I’m not sure I can ever really get behind minimalism, but this converted warehouse in Sydney transformed into a concrete bunker of sorts is really quite beautiful. That curved ceiling and the 2 story impact of it is spectacular. It’s incredible that such a simple architectural detail could add so much interest. I also love how the curve is found throughout the loft (sofa, console, mirror, shower door). Brutalism with a cocooning impact. Designed by Matt Woods.
Camperdown Warehouse, a residential refit within a former car assembly plant by Sydney-based Archer Office. The original warehouse conversion in 1993 had 2 mezzanine bedrooms that cut off light to the apartment’s interior. The new design creates a flexible three-bedroom residence “using a series of movable partitions supported by a lightweight steel frame. Each of the spaces open towards the main volume, so that the flexibility in partitioning also delivers shared spaces that add a feeling of generosity throughout.”
Photography by Kasia Werstak
“Located in the old Toy Factory Lofts in Downtown Los Angeles, the 850 sf studio loft underwent a full interior architectural remodel as well as re-space planning, and custom designed millwork. There was a request for a separate semi private bedroom area, new custom designed kitchen and larger bathroom. New entry wall and dividing custom shelving unit was placed to create privacy and allow for porosity and visual connectivity to the rest of the space. Custom details and an existing concrete column was re purposed as a back drop for a custom bench and side table.”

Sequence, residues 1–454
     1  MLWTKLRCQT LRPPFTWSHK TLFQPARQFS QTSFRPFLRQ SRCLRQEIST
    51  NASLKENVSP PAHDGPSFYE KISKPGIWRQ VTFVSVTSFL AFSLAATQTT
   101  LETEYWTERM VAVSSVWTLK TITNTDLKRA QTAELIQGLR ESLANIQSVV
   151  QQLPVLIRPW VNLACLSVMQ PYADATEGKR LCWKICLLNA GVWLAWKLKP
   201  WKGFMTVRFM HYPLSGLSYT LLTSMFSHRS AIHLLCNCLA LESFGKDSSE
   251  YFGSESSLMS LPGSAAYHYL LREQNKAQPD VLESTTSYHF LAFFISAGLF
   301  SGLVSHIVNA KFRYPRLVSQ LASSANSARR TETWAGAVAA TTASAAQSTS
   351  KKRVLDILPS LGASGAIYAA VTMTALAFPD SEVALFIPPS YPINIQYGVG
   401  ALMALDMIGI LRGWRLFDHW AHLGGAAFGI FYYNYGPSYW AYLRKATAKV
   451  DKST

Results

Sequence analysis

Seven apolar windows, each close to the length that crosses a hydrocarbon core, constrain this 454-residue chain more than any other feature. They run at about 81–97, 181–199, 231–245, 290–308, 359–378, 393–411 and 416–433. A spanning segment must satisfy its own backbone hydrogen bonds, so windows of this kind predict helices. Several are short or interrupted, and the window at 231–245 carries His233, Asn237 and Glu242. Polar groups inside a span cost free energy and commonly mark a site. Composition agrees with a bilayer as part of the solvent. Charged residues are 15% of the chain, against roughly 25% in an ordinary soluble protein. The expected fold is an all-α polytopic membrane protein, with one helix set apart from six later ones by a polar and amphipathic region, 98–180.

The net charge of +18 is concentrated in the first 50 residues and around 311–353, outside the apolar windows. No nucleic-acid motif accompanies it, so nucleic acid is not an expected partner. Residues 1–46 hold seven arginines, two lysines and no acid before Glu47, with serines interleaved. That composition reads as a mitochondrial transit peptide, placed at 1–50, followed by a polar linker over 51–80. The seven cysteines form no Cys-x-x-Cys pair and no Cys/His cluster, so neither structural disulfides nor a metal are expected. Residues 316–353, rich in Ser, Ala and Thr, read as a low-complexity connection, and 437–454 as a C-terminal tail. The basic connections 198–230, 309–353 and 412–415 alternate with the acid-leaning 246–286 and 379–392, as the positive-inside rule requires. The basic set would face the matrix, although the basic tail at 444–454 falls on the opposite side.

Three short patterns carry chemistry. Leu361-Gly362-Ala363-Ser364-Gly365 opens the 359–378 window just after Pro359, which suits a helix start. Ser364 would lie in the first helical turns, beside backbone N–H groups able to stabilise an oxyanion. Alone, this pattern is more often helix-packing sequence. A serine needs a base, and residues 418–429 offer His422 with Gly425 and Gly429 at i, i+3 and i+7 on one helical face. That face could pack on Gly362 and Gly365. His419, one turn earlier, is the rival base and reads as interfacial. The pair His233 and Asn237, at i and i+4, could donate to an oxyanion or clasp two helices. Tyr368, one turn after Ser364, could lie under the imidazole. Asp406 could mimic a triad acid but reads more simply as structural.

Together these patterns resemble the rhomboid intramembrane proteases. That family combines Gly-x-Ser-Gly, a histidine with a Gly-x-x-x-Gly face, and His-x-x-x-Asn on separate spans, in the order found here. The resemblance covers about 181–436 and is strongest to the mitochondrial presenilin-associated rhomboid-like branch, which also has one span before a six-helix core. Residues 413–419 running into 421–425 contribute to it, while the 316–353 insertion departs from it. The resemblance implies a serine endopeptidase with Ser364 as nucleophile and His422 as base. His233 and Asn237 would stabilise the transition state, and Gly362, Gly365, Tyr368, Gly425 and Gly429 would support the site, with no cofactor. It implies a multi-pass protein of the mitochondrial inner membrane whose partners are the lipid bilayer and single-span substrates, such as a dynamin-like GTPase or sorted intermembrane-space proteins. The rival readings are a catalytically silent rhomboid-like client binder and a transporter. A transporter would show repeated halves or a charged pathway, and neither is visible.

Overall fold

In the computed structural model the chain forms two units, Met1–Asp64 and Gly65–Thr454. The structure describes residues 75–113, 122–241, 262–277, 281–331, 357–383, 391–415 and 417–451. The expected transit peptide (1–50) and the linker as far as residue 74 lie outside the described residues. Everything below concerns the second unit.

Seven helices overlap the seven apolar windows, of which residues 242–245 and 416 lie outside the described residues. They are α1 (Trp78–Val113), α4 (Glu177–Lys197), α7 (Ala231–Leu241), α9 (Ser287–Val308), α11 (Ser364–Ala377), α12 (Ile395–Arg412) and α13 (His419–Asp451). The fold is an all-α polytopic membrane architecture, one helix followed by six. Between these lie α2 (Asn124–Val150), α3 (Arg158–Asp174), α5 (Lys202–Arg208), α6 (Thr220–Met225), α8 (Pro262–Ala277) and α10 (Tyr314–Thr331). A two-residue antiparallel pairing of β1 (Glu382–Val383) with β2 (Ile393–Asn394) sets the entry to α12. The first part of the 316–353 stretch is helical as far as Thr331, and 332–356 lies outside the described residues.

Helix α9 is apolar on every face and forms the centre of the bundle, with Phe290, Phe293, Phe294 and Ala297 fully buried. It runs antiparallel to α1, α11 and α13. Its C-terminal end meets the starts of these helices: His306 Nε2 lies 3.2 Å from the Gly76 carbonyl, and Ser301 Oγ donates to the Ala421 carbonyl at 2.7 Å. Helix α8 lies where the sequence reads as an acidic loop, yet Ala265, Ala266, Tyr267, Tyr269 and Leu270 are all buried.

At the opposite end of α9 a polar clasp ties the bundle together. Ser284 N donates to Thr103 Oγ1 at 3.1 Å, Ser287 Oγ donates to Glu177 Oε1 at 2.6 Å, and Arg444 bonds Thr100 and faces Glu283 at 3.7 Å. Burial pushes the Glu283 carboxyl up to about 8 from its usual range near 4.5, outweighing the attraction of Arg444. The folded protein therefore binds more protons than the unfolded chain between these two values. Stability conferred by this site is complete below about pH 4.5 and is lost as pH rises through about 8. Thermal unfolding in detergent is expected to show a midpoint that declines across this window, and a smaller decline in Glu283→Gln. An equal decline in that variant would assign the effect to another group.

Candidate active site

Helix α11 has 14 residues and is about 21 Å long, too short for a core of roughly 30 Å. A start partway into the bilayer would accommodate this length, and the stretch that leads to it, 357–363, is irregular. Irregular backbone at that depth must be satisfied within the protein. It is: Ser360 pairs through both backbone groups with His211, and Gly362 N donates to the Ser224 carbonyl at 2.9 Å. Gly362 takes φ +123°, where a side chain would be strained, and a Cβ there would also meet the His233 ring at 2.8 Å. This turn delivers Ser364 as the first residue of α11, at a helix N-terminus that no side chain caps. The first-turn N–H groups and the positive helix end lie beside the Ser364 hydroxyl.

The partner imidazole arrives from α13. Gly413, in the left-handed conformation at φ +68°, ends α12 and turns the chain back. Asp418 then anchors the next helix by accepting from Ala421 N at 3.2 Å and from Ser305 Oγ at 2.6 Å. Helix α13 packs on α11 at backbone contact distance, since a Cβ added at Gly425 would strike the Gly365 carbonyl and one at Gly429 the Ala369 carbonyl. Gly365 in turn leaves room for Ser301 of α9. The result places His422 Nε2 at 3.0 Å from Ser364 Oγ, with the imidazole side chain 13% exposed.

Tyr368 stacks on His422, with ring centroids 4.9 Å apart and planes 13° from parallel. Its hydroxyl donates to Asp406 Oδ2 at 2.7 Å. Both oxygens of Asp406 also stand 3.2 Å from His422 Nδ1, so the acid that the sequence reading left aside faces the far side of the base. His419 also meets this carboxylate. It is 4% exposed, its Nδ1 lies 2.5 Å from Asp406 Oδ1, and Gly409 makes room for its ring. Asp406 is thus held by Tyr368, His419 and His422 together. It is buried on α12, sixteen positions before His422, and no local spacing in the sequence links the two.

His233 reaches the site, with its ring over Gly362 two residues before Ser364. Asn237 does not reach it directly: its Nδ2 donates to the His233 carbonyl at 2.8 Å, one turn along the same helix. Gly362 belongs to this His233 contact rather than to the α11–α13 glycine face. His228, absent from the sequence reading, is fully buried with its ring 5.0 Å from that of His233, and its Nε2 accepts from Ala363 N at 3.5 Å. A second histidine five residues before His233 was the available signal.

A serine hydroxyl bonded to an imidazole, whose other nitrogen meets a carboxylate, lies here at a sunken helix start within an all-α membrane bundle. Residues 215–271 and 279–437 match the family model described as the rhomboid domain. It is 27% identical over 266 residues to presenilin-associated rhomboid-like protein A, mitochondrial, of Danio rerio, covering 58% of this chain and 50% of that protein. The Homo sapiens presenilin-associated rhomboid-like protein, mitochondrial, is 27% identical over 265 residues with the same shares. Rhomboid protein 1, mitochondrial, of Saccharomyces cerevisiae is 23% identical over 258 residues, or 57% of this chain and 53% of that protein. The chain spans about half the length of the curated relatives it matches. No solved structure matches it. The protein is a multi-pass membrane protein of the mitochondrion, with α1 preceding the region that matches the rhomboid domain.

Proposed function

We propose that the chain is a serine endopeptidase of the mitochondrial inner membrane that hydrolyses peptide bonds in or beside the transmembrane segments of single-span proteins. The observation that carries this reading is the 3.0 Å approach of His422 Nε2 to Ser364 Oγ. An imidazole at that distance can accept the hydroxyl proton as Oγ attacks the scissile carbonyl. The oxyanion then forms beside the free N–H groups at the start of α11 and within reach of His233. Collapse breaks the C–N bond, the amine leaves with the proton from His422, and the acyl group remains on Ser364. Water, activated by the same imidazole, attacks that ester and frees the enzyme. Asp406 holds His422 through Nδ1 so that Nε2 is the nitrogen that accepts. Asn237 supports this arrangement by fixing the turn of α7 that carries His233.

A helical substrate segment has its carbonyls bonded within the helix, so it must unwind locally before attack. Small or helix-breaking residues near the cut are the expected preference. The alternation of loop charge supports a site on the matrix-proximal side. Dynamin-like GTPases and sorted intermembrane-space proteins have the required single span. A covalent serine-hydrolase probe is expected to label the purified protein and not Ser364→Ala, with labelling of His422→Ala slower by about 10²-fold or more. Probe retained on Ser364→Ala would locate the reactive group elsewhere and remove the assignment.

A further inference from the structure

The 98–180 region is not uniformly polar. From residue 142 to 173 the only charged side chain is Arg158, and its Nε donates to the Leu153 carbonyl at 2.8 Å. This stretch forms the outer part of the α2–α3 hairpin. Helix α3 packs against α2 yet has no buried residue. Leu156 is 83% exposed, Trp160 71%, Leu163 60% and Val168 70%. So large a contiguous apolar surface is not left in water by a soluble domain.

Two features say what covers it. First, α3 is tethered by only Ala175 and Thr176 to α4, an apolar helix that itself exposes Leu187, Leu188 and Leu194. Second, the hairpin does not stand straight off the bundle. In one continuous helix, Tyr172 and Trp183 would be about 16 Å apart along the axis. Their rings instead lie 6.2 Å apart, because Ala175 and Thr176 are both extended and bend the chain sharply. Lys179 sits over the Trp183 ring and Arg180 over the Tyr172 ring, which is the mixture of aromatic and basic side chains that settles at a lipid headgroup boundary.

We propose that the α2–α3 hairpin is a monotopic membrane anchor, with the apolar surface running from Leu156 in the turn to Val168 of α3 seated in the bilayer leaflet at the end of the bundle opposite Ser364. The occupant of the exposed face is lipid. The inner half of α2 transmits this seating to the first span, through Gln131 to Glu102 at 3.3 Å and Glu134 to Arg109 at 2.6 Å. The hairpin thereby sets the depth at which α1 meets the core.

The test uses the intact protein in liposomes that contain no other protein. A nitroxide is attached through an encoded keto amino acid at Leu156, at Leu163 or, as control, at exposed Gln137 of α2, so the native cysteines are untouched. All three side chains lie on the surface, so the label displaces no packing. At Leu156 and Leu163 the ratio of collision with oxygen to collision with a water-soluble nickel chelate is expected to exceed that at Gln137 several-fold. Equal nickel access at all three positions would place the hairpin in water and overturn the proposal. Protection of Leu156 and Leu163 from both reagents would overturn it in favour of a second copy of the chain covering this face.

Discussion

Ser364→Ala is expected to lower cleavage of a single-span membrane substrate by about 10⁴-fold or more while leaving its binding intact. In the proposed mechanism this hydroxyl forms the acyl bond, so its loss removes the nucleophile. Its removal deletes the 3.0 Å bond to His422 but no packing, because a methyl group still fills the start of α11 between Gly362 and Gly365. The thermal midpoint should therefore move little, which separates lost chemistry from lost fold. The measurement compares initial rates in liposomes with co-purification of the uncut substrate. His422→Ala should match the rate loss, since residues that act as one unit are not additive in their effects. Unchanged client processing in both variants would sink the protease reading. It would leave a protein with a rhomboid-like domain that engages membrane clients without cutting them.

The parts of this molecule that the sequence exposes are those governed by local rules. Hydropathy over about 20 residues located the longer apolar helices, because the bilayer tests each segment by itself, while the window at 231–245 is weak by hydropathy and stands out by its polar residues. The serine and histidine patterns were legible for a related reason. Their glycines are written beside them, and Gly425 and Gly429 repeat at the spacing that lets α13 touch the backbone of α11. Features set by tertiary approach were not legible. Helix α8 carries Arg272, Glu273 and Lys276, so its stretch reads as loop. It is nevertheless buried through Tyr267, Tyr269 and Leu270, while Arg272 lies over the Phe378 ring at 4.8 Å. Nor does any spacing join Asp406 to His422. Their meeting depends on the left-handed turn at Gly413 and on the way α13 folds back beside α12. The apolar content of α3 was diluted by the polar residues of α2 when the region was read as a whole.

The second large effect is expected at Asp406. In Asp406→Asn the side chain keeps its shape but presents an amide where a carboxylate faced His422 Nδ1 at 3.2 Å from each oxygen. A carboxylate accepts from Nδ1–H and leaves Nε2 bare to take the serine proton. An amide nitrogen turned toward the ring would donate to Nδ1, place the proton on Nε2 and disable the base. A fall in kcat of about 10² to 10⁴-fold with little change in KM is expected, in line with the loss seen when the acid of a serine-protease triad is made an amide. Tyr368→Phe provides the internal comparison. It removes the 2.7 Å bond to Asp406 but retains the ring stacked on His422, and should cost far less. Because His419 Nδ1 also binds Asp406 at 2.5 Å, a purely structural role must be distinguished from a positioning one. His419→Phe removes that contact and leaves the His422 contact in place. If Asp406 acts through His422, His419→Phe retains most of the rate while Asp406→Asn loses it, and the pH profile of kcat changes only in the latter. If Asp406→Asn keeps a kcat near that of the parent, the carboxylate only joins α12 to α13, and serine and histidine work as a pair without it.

Hands up who daydreams of living in an industrial style loft. OK I’d probably have to ditch the husband and the large dog to make the dream come true or at least keep the space looking so wonderful. Toy Factory Loft by Mass Studio.
Is it working on a weekend or getting away for the weekend? Right now I’d be happy to do either. Paramount House Hotel by Breathe Architecture.
Inside an old Berlin factory interior architect and artist Ewelina Makosa and designer Jan Garncarek have created a light filled art studio. “Life moves at a much slower pace here, compared to the city center of Berlin. The lack of trendy cafes and restaurants provides ideal conditions for genuine contemplation and focus. In addition, the local lake is a great summer destination.” The building had remained unnoticed until an Irish carpenter leased and renovated the property, sectioning the available space into several artistic workshops. The duo managed to save the original walls and flooring from being “renovated”. The interior, designed by Ewelina, celebrates the vertical space, over 5 meters tall.
The Tatra sofa was mass produced in Czechoslovakia in the 1950s but many of the pieces were designed by Jan himself. The glass top desk and a brass and marble coffee table are prototypes but others such as the two Hasta lamps (imitating fencing foils belonging to Jan’s grandfather), U2 lamps and Metropoli Argand lamps suspended over the table are already in production and can be found at Jan Garncarek Design. “The place is like a haven to us. It lets us quieten down and focus, simultaneously providing an inexhaustible source of inspiration” says Ewelina. The light that streams through the loft windows makes the space perfect for creating the artist’s large scale works exploring memory and the remnants of the past … just like the studio itself.
Last photo by Aleksandra Laska